Moscow’s military taunts vex Sweden, Finland

Three times this year Russian armed forces have behaved in blatant provocations against Swedish airforce jets and Finnish research vessels in neutral international waters and skies near the Baltic sea island of Gotland, reported military news portal Sargs.lv Monday.

Most recently, exactly a month apart on September and August 2, Finnish hydrological research vessel Aranda, owned by state Environmental Institute SYKE was conducting measurements for Sweden’s Institute of Meteo- and Hydrology when it was harassed by Russian ships and helicopters, respectively on the two separate occasions.

In the August incident a radio message from a Russian warship instructed the Aranda to change course, however the research ship succeeded upon its second attempt to head for its contracted destination despite the appearance of an additional submarine surfacing in pace nearby.

A month later a military helicopter approached the Aranda several times, after which a nearby warship took a direct course upon the Finnish vessel and skirted its course, however did not intimidate it into changing course.

During both incidents the Finnish crew and Swedish weather scientists were on the deck, feeling rather threatened, reported Sargs.

Finland’s Defense ministry announced that the intervention of Russian armed ships into its research activities was illegal and unacceptable, requiring an explanation.

A similar announcement came also from the Swedish Foreign ministry, promising to take appropriate diplomatic action.

Finland’s media reported that the warship involved was the Stereguschiy-class corvette Boikiy, a state-of-the-art warship launched in spring 2013. Its design thwarts radar detection, but holds a 100-strong crew and a helicopter, as noted by those aboard the Aranda.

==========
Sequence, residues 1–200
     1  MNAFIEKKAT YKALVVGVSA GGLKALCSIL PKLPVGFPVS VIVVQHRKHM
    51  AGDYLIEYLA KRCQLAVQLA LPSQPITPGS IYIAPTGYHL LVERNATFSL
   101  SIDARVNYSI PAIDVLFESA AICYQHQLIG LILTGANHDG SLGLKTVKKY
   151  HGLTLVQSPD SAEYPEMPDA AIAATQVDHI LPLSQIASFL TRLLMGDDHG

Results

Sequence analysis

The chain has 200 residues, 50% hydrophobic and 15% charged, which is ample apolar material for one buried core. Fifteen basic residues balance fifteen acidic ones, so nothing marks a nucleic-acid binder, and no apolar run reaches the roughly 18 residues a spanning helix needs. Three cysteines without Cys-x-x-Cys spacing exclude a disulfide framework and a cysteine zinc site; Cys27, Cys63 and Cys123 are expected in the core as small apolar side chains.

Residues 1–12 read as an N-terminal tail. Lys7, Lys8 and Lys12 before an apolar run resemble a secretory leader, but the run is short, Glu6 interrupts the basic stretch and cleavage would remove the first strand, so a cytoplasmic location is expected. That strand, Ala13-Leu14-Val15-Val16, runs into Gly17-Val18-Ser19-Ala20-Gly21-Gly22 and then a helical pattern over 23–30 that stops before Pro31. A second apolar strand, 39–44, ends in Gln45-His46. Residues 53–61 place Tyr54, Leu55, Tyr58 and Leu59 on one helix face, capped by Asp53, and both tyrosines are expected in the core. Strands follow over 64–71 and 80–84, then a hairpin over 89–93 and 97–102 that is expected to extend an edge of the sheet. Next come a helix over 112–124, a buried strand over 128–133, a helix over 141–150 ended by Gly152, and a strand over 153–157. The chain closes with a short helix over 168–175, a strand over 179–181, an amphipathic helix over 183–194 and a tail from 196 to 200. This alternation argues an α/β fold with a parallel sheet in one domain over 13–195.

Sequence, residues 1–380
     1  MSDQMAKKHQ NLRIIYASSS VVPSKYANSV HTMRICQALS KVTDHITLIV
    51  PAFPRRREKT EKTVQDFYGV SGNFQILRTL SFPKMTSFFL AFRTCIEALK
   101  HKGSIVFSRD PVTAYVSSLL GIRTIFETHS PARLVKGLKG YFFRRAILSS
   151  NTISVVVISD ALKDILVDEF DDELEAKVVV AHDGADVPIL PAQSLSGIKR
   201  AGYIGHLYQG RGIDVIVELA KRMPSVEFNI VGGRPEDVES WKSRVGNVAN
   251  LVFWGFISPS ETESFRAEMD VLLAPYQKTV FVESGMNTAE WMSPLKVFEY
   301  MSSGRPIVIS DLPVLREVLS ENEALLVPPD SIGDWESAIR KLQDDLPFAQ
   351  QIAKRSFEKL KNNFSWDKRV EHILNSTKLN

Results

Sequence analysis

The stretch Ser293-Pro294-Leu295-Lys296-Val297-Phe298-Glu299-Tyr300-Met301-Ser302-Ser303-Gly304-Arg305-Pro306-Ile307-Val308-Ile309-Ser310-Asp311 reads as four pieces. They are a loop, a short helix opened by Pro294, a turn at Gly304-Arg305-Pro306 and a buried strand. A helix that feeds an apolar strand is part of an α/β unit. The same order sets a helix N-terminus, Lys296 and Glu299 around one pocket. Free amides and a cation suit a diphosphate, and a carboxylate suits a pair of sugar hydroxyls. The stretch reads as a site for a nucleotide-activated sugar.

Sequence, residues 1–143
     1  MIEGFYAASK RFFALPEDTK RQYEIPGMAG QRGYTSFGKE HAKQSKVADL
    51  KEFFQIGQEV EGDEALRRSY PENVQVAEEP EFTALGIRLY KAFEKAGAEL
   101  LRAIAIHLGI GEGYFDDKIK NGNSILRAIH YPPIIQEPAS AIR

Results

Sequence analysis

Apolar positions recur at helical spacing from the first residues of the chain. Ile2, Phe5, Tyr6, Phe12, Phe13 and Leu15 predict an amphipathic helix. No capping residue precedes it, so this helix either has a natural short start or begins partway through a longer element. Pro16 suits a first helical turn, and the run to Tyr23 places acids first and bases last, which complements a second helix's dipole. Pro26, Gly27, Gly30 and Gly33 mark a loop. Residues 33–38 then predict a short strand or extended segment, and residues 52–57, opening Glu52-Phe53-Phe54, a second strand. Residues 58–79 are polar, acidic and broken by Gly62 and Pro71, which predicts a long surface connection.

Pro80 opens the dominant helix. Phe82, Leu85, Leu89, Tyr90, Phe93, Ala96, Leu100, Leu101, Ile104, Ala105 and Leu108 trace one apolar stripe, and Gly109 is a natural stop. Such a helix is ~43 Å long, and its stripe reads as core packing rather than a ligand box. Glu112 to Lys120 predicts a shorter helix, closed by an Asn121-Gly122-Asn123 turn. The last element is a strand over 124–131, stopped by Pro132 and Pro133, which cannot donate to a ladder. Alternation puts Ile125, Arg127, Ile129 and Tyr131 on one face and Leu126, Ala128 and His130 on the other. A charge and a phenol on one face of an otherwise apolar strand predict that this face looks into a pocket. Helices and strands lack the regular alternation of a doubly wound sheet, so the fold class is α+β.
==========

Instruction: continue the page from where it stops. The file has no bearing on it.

As reported, on August 3 two Russian warships and one of the same class of corvette were spotted near Latvia’s Exclusive Economic Zone (EEZ) by the NBS naval ship Rezekne, followed by the sighting of a Kilo-class submarine that same day.

Whereas the Boikiy was seen near Latvia’s territorial waters on the night from August 31 to September 1.

Indeed, just last Friday, on the night of October 10 Russian ships were spotted again 14.4 nautical miles from national maritime borders, the first a Bereza-class, the second a Gorin-class ship, tweeted the Natonal Armed Forces (NBS).

In addition to that, however, on October 2 Sargs reported that the routine flights of Swedish air force Gulfstream electronic surveillance planes were dangerously buzzed by a Russian interceptor on July 16 over the waters between Gotland and Latvia.

On that day a Russian SU-27, armed with six air-to-air missiles, intercepted two of the Swedish electronic surveillance craft and turned its rockets directly at one of them, flying as close as 11 meters in proximity to its target.

Swedish military experts admit that while there was no risk of collision by such seemingly reckless stunt-piloting, such behavior as demonstrated by the Russian flyers had not been seen before. One notes that international aviation procedures call for interceptors to fly no closer than 50-150 meters from the other plane.

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